This **configuration of plates** is called a parallel-plate capacitor

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**Potential and Point Charges**

The potential difference between points *A* and *B* will be

The electric potential is independent of the path between points and It is customary to choose a reference potential of

Then the potential due to a point charge at some point is

The electric potential due to several point charges

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**Outward**

An** isolated positive point charge** produces a field directed radially__

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Positive

If the two charges are the **same sign**, *U *is **___ **and work must be done to bring the charges together.

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Negative

If the two charges have **opposite signs**, *U *is **___ **and work is done to keep the charges apart

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More than two charges

If there are **___**, then find *U *for each pair of charges and add them.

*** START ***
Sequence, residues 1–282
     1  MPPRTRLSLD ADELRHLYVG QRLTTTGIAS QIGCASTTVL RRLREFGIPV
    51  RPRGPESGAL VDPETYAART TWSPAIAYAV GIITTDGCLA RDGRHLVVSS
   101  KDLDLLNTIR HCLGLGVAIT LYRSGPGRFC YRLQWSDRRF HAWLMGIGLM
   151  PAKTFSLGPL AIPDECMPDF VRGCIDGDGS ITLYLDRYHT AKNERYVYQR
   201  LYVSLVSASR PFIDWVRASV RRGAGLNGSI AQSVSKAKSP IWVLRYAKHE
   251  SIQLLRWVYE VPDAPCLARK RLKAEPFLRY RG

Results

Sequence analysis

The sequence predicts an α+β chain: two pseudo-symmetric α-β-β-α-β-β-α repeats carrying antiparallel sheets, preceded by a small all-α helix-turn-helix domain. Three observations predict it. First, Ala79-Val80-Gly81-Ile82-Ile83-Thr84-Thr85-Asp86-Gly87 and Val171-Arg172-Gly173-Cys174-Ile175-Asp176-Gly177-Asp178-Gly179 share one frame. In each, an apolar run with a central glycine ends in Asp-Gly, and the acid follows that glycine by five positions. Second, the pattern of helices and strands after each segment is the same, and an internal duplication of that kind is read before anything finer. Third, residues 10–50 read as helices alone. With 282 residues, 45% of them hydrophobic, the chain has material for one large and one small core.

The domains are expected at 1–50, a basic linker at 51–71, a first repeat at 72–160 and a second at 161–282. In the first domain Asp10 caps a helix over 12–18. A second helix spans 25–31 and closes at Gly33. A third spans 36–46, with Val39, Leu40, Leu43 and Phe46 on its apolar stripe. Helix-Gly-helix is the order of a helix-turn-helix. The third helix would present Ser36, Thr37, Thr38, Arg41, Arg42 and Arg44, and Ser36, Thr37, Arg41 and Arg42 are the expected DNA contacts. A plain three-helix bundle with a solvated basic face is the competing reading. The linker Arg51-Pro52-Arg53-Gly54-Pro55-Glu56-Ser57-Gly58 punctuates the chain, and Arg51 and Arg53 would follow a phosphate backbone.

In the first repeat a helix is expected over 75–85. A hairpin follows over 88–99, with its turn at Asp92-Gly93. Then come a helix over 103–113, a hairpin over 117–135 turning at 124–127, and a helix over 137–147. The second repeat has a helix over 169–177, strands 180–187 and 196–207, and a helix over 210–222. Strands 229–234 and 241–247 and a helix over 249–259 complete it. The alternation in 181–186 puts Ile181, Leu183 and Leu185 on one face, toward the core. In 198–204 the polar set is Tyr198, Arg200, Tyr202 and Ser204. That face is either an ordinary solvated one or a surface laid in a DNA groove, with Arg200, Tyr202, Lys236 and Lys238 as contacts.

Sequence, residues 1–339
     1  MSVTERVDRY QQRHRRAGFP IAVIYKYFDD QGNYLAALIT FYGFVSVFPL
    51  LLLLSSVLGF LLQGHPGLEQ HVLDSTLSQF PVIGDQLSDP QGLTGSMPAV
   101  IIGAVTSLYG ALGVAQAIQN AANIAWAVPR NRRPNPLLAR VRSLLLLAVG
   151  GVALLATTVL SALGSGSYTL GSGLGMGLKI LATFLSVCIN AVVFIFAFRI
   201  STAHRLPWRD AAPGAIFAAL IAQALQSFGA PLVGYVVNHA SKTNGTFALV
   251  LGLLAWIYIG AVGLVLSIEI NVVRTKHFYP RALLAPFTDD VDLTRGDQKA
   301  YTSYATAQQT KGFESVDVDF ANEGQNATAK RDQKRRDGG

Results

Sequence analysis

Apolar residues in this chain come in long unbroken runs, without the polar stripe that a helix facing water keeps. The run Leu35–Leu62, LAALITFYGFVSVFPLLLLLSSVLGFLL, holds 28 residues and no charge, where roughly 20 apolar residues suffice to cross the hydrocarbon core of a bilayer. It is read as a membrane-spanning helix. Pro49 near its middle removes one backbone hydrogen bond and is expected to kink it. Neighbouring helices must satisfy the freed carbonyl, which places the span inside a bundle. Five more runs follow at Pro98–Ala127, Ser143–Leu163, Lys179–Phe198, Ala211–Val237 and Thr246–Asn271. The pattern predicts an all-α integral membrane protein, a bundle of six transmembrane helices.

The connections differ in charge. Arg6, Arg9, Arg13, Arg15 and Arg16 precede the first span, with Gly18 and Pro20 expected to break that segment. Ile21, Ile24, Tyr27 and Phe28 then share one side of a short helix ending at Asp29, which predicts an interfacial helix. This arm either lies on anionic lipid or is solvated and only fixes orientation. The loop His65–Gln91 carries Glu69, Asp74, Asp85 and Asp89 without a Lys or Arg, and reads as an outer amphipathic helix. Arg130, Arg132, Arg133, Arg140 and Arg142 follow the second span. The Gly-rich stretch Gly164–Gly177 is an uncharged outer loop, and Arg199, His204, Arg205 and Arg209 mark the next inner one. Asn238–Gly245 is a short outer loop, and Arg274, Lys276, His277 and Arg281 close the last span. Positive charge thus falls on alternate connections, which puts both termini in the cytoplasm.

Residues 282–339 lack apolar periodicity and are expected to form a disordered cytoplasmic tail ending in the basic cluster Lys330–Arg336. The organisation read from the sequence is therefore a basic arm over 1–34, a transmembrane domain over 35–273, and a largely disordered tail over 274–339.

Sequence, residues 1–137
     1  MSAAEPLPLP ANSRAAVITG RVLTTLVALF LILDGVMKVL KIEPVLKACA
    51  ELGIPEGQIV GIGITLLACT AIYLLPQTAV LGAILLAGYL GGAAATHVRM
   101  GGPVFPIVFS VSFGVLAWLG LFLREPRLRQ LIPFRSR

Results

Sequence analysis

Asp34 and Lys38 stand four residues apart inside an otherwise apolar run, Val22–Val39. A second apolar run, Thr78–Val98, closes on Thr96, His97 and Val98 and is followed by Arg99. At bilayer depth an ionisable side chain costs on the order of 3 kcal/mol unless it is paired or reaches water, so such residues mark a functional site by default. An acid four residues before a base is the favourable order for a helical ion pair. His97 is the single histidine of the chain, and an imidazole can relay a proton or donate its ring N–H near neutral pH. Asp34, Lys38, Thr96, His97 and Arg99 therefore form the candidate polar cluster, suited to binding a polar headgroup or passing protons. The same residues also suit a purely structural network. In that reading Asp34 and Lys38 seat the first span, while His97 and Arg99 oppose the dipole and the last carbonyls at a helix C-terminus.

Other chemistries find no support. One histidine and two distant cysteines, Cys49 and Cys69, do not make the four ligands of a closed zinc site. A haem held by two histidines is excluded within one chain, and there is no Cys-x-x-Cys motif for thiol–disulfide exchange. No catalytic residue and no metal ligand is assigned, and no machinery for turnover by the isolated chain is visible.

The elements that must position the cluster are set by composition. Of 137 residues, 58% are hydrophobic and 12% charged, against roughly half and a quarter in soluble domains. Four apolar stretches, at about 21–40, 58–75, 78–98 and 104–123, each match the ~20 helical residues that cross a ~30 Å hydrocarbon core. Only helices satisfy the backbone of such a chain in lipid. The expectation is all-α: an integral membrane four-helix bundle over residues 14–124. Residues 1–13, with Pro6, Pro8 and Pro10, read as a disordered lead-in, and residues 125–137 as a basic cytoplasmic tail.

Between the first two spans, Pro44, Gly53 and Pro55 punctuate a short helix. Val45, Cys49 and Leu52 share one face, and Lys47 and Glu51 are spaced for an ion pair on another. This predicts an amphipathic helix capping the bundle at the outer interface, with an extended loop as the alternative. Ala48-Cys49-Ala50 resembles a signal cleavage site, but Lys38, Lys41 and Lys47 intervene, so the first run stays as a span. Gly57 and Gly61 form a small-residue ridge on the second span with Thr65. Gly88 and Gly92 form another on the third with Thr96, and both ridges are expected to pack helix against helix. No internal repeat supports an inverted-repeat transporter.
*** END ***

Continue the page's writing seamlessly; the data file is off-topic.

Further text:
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**Equipotential lines**

are the **dashed blue lines**.

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**E and V for a Point Charge**

The electric field lines are the

**brown lines**.The electric field is

**radial**.Er =-dV/dr

The equipotential lines are everywhere perpendicular to the field lines.

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19

**Capacitors**

- are devices that store electric charge.

- Examples of where capacitors are used include:

radio receivers

filters in power supplies

to eliminate sparking in automobile ignition systems

energy-storing devices in electronic flashes

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Makeup of a capacitor

A capacitor consists of

**two conductors.**These conductors are called

**plates**.When the conductor is charged, the plates carry charges of

*equal magnitude and opposite directions*.

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**Capacitance**

*(*** C**) of a capacitor is defined as the ratio of the magnitude of the charge on either conductor to the potential difference between the conductors.

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**SI unit** of capacitance

**farad (F)**. The farad is a large unit, typically you will see**microfarads (mF) and picofarads (pF)**.The capacitance will always be a positive quantity

The capacitance of a given capacitor is constant.